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Take AIM

Melanoma cells stained with AIM melanoma (HMB45) strips Losing sight of the "big picture" concerns many researchers embroiled in running gels and performing assays. Visualizing a protein of interest in intact tissue sections can reconnect studies to the physiological realm and complement other types of data. However, immunohistochemical antigen-detection techniques can be daunting for the uninitiated. In October 1999, The Binding Site of San Diego, released the AIM (Antibody Impregnated Membrane

Amy Francis


Melanoma cells stained with AIM melanoma (HMB45) strips
Losing sight of the "big picture" concerns many researchers embroiled in running gels and performing assays. Visualizing a protein of interest in intact tissue sections can reconnect studies to the physiological realm and complement other types of data. However, immunohistochemical antigen-detection techniques can be daunting for the uninitiated. In October 1999, The Binding Site of San Diego, released the AIM (Antibody Impregnated Membrane) Immunostaining System, designed for researchers desiring reproducible immunohistological data but not trained or equipped to develop the procedure. This unique system uses specialized paper tabs coated with the reagents required for each step of antigen detection in formalin-fixed, paraffin-embedded tissue sections.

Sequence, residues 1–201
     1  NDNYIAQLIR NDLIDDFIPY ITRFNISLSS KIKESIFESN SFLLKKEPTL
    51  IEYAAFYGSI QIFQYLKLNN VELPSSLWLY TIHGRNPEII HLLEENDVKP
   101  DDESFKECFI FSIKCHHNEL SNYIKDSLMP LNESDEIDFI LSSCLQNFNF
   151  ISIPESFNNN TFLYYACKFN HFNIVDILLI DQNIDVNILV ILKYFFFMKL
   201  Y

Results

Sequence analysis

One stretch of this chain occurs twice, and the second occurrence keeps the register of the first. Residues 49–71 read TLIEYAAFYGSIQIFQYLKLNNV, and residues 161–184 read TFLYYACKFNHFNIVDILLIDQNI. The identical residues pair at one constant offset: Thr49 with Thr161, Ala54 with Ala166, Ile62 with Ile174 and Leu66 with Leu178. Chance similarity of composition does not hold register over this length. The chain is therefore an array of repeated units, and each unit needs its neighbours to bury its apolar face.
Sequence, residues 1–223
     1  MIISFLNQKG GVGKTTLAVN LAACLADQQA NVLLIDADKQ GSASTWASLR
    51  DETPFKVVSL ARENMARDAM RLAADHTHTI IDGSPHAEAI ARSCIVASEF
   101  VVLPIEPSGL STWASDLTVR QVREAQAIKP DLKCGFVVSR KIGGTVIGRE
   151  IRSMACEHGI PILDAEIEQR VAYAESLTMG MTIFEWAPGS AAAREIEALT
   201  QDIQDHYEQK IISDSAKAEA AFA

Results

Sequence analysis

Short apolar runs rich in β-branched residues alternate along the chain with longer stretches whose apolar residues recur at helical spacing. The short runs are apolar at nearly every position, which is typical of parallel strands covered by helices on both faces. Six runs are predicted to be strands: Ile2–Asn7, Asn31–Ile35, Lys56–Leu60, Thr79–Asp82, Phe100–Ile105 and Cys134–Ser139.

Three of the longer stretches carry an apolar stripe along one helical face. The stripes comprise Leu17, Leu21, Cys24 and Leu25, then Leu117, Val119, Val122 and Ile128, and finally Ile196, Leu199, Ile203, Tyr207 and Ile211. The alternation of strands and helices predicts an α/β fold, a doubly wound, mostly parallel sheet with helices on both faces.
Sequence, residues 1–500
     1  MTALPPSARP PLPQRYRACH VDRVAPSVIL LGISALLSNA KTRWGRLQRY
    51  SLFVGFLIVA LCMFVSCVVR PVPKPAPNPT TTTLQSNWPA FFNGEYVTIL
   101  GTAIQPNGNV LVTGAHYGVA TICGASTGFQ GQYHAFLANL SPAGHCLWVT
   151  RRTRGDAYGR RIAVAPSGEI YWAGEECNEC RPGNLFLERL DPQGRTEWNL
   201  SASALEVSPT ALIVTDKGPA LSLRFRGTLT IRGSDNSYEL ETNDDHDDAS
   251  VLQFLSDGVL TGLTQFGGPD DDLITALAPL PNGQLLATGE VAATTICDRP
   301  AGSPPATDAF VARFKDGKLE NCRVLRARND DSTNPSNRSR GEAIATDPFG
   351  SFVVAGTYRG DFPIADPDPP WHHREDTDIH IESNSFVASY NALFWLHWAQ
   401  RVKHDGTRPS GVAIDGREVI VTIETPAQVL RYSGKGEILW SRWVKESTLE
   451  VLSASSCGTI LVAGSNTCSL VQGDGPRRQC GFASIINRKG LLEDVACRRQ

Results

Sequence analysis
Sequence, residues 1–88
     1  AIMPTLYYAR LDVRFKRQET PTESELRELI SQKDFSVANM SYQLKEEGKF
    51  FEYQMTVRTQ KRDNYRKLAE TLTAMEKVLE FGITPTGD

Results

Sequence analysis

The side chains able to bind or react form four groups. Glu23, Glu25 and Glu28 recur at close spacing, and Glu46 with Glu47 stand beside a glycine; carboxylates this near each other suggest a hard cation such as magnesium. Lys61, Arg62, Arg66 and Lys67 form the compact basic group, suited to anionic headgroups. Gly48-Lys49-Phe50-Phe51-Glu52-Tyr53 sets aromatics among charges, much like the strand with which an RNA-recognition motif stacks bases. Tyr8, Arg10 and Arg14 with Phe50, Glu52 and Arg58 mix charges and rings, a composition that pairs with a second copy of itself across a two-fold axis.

Dick Rowland, vice president of The Binding Site, notes, "Immunohistology is so complicated, involving optimization of antigen retrieval, primary and secondary antibody dilutions, and the development process. To get one antibody to work can be a long,...

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